Know Your Red Wigglers for Optimal Vermicompost

Eisenia foetida is the scientific name of the worm species used for composting. They are commonly called red wigglers, brandlings or manure worms, and can be bought by the pound. For each pound (half a kilo) of kitchen scraps a day, you will need one pound of red wigglers. One pound is also the recommended amount of red wigglers to start composting with theĀ Worm Factory 360 Composting Worm Bin.

The red wigglers are very prolific and adapt well to new conditions. Since they are hermaphrodites – they have both male and female sex organs – they all have the ability to lay small yellowish-grey sacs and to fertilize them. On average, each of these grain-like sacs is about the size of an apple seed, and will hatch 3 worms. These young offspring will reach sexual maturity and begin to reproduce after approximately six weeks. As a result, within a few months, you will have double the number of worms.

Most importantly for your compost venture, red wigglers are gluttonous eaters. Indeed, each red wiggler eats its bodyweight in food per day (half from your scraps and half from the litter)! Hence, they are perfect for vermicomposting, whether it is at home, in a classroom or at the office.

When it comes to breaking down the organic matter of your compost bin, the red wigglers do not do the job alone. In fact, bacteria and other microorganisms will settle in your compost bin and help create a true ecosystem. To ensure its full potential, you need to take good care of this ecosystem.

Feeding Routine

While common earthworms prefer to feed in deeper soil layers, red wigglers generally remain near the surface, which makes theĀ Worm Factory 360 Composting Worm Bin a perfect habitat for them. No matter which bin you use, when and what you feed them is important.

There are different approaches when it comes to getting your red wigglers to acclimatize to their new habitat. Some will suggest to put your worms in the litter and to give them a few days to get used to the conditions of their new habitat before giving them their first feeding, while others suggest to mix some kitchen scraps in the litter prior to introducing your red wigglers to the bin. Both yield to a very similar outcome.

Generally speaking, feeding the worms one to three days a week is optimal if you want a productive odor-free and disease-free compost. If you feed them too much at a time, worms do not have time to do their job and odors and fruit flies may settle in. The scraps waiting to be composted can be stored in an air-tight container where microorganisms will start forming. This is what red wigglers binge on and the scraps will be even yummier for your little critters.

The table scraps must be buried under the litter and rotation should be performed so that they are not always buried in the same place. You can use a marker, such as a small stick that you will move with every feeding to ensure you design a proper rotation schedule. Always keep in mind the ratio of one pound of table scraps a day per pound of red wigglers. It will also be easier and faster for your red wigglers to decompose your organic matter if you chop the scraps into smaller pieces prior to adding them to the vermicompost bin. A varied diet will ensure a balanced ecosystem and quality vermicompost.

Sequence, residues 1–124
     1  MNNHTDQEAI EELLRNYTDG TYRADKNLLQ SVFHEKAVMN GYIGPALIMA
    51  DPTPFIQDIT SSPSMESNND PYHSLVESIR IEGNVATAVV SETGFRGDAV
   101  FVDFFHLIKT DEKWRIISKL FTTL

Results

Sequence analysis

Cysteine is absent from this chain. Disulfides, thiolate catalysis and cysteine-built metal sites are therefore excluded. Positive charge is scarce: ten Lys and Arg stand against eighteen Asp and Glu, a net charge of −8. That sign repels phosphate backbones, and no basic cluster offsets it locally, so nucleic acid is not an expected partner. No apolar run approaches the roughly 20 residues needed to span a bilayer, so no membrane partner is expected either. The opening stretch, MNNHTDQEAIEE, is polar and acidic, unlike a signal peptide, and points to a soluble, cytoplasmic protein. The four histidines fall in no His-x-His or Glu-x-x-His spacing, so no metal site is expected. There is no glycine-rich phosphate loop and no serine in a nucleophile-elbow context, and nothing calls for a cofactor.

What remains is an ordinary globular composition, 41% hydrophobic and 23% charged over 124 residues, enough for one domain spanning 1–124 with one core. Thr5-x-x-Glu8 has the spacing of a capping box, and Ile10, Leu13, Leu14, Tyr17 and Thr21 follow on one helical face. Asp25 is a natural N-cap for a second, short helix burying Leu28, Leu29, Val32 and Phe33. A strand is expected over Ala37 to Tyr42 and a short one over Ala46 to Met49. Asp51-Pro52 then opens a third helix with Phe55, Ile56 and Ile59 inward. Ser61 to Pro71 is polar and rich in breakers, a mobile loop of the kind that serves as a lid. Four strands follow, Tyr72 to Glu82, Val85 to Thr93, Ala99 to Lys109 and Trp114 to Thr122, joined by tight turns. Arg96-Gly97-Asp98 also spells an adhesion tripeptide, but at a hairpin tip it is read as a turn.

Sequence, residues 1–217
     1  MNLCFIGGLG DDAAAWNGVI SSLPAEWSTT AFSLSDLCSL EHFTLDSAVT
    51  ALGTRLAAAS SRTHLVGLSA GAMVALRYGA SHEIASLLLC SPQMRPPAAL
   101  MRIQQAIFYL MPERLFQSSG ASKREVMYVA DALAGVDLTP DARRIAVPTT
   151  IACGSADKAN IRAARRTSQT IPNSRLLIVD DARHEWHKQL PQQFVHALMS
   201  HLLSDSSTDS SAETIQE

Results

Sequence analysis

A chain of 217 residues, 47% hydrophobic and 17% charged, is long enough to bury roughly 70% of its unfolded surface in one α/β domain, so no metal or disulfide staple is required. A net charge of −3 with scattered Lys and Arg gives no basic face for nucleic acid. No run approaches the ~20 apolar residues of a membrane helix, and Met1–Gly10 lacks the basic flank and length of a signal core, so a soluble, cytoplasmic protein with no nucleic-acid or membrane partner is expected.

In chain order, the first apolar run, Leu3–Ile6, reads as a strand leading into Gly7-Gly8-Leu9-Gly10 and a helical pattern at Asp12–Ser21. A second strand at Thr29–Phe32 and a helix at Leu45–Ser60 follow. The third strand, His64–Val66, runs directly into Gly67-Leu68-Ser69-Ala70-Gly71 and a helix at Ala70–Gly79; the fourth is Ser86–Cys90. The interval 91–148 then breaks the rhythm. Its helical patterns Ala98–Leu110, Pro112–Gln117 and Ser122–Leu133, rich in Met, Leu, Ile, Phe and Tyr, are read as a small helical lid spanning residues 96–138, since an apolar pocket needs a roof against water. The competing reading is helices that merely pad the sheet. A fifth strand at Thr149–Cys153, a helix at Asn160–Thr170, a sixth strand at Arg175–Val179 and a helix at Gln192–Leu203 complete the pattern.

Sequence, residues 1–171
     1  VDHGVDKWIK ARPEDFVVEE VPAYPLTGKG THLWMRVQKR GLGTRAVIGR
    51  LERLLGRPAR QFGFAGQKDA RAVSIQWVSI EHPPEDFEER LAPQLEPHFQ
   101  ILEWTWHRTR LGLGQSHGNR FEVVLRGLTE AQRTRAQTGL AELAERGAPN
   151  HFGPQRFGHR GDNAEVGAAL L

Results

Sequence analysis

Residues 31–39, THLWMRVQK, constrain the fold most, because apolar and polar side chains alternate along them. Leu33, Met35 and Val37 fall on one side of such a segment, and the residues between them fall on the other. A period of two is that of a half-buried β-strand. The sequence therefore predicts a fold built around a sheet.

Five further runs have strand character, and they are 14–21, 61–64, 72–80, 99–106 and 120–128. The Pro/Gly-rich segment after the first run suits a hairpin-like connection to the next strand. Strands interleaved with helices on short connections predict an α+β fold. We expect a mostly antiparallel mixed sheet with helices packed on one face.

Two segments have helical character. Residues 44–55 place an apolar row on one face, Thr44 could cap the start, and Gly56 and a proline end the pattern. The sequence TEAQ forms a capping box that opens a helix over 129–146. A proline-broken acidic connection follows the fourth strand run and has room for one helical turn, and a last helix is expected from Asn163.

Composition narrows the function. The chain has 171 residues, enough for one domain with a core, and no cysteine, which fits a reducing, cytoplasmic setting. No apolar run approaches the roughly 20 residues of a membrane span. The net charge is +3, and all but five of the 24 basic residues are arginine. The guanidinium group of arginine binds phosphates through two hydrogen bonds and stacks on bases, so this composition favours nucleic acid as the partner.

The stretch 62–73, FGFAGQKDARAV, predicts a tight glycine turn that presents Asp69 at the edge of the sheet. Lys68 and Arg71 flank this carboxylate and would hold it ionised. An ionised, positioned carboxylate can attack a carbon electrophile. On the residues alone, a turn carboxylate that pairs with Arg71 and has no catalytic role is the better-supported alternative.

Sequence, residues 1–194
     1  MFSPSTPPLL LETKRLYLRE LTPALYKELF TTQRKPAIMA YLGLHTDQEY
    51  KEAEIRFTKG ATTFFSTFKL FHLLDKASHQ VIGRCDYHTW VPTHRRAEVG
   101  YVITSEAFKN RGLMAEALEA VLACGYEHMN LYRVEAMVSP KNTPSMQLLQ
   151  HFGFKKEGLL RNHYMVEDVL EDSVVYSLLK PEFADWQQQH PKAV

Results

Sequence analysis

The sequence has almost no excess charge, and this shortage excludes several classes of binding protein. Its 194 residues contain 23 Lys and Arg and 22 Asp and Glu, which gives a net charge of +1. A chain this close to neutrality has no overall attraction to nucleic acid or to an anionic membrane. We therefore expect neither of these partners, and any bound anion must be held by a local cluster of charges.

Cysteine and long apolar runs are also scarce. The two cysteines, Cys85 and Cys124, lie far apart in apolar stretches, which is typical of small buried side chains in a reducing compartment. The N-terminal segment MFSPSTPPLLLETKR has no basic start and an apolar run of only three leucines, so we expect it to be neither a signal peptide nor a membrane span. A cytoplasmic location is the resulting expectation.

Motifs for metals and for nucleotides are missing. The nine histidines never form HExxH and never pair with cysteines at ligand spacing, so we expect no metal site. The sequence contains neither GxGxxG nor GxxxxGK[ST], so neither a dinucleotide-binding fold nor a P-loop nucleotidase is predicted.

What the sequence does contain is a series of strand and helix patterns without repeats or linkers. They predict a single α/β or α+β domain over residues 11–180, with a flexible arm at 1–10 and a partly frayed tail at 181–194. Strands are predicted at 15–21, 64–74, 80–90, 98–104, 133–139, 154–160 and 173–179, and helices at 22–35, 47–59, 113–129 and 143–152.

Dietary Specifications

Some household scraps may contain pathogens and are not suitable for a compost. Ammonia in urine from small pets is toxic to the worms and will cause odors. No matter or by-product from them (or their litter box) could be included in your compost.

Citrus fruits also tend to acidify vermicompost, which could potentially harm your red wigglers over time. As a result, it is recommended to regularly add powdered eggshells which partially neutralize the acidity of the compost. They also provide the required calcium for the reproduction of the worms. Overall, it is recommended that citrus fruit peelings and coffee grounds not equal to more than one fifth of the food given to the worms.

Following is what your worms like and dislike.


  • Coffee grounds (filter included) and tea bags
  • Plant waste
  • Scraps of fruits and vegetables (peel, core, etc.)
  • Eggshells (cleaned, finely chopped or crushed)
  • Cooked rice, pasta or beans (all cooked without salt or fat) could also be added with very close monitoring to ensure they are processed quickly.


  • Dairy products
  • Meat and fish
  • Oils and fats
  • Sauces, seasonings and vinegar
  • Salt (including the salt from a water softener)
  • Waste of human or animal origin
  • Onions or garlic

To maintain the pH balance of your vermicompost, it is best to provide your worms with a healthy, balanced diet, by avoiding the list of products that will cause problems, and by limiting citrus fruits, coffee grounds and potato peels. The latter tend to decompose slowly and could generate decay.

Location, Location, Location

The location and the temperature of your compost bin are key elements to your success. Worms do not like direct sunlight. Hence, the bin should not be placed in a sunny outdoor location. Even less with a clear container that would make the direct sunlight go through.

Since worms prefer a temperature between 62F (17C) and 72F (22C) , perfect locations could be under the sink, in the garage or in the bathroom. During the warmer weather, you may keep your compost bin in a shaded area outside, such as a balcony. Your bin can not stay outside during the colder winter weather unless you build a small shelter for it and you use insulation material. If the temperature of the bin is colder than 62F (17C), the red wigglers will likely reduce their food consumption, and you will need to monitor them and adjust their feeding schedule and amount accordingly.

Happy Composting!

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